Amid these rapid developments, largely unforeseen challenges emerged, notably radicalisation. Thousands left their countries in the Maghreb to join the ranks of extremist groups. Now, many Jihadis are coming back, which is stirring a debate in North Africa about how to deal with these returnees. Fatim-Zohra El Malki explores how the governments in Morocco, Tunisia, and Algeria are investing in legal reform and prison rehabilitation schemes to mitigate the risks likely to arise as IS fighters return to society.
These concerns have brought significant uncertainty to North Africa. At the same time, the region has attracted the interest of old and new external actors. But what does this mean for the EU engagement in the region? In his article, James Moran looks deeper into answering this question. Despite ups and downs in the relationship, the EU continues to be the most important commercial partner of North Africa. Acknowledging this fact, Silvia Colombo argues that it is time to move beyond excessive bilateralism and securitisation in EU-North Africa relations and foster new forms of engagement.
Migration has for long been a key topic for rapprochement – and tensions – in the EU’s relations with its southern neighbours. While the EU wishes for stronger cooperation with these countries to reduce migrant flows, Maghreb countries are grappling with similar challenges, as Mehdi Lahlou argues. Morocco and Algeria are developing ways to address growing numbers of regular and irregular newcomers. In doing so they persevere in keeping their ties intact with both the EU and sub-Saharan countries.
For the EU, boosting investment is central to reducing migration from the source countries. However, external actor engagement could be limited by stalling reforms in the partner country. Looking at the case of Tunisia, ECDPM’s Bruce Byiers argues that the slow pace of reform in Tunisia poses challenges to its international partners. Given the political context, implementing wholesale reforms could be more difficult. Targeting small, incremental changes could turn out to be the right approach.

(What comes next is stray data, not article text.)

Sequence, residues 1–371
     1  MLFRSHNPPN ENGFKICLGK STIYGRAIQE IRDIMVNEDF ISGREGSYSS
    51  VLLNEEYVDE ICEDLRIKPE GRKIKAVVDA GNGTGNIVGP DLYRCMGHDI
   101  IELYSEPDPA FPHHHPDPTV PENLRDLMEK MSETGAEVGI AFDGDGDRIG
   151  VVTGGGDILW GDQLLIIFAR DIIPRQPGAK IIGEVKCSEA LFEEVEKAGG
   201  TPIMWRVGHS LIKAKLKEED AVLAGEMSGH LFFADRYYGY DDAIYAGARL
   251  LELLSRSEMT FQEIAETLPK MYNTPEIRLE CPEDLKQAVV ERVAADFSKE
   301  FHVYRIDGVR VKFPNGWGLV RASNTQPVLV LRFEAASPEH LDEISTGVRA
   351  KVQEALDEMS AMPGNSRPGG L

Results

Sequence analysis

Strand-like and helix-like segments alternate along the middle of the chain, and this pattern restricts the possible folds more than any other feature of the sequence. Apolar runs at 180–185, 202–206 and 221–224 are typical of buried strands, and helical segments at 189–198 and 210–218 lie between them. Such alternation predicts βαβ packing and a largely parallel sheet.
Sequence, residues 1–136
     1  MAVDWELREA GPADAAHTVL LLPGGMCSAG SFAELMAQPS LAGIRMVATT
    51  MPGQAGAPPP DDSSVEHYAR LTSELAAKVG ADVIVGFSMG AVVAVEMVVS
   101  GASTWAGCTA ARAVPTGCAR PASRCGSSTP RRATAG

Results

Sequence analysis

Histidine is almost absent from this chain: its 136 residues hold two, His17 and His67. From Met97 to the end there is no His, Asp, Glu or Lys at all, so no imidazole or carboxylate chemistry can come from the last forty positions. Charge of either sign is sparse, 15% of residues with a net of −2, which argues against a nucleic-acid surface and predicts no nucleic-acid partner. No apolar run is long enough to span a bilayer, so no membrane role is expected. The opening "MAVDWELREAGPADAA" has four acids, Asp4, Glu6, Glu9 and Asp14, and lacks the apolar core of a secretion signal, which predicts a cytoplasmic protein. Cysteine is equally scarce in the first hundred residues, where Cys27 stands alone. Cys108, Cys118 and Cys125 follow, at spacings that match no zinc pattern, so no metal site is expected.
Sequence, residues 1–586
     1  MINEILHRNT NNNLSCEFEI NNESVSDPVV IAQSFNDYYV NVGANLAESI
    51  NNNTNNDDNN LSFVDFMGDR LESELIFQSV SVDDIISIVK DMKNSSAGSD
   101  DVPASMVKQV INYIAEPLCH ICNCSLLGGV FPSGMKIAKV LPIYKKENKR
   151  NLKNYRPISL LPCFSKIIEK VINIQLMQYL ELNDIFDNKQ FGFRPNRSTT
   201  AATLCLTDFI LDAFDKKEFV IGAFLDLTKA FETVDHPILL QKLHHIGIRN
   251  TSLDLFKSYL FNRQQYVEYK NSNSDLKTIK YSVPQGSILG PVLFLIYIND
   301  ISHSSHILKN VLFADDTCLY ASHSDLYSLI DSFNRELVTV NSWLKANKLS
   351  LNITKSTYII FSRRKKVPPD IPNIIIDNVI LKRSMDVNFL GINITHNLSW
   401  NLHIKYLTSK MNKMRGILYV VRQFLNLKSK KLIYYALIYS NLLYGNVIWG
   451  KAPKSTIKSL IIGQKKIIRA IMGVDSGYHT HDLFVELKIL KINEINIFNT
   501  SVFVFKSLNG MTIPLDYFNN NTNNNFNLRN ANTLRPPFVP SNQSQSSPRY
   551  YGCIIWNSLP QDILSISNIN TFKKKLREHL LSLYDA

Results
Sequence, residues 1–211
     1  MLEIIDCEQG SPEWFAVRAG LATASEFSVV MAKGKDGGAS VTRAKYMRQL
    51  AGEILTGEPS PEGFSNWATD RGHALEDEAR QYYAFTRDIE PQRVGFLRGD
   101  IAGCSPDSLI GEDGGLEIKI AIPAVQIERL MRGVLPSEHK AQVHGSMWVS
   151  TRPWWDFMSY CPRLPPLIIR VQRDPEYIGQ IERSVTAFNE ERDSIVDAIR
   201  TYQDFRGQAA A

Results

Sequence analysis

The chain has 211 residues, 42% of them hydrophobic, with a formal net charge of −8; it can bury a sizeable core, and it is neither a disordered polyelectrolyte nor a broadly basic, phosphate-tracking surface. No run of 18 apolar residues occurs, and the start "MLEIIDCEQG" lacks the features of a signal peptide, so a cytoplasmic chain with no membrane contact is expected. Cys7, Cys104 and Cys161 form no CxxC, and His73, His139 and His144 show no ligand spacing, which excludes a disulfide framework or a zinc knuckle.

While North African countries strive to bolster their ties with the EU, they also started looking southwards. Morocco, for instance, applied for full membership of the Economic Community of West African States (ECOWAS) while, this year, Tunisia joined the Common Market for Eastern and Southern Africa (COMESA). Amira Abdel-Halim sheds light over the case of Egypt. Over the last few years, this state stepped up its engagement and diplomacy with sub-Saharan countries, motivated by economic and geopolitical interests.
In the aftermath of the Arab Spring, the domestic landscape in North Africa and how this region interacts with other partners has tremendously changed in ways that no one could have foreseen.
The region is lingering in uncertainty, but social movements and community initiatives for a better governance show that populations in North Africa still hold to their aspirations for a brighter future. These are undoubtedly troubled times, but hopefully North Africa will see the light at the end of the tunnel.
Tasnim Abderrahim, Policy Officer, Migration and African Institutions Programmes, ECDPM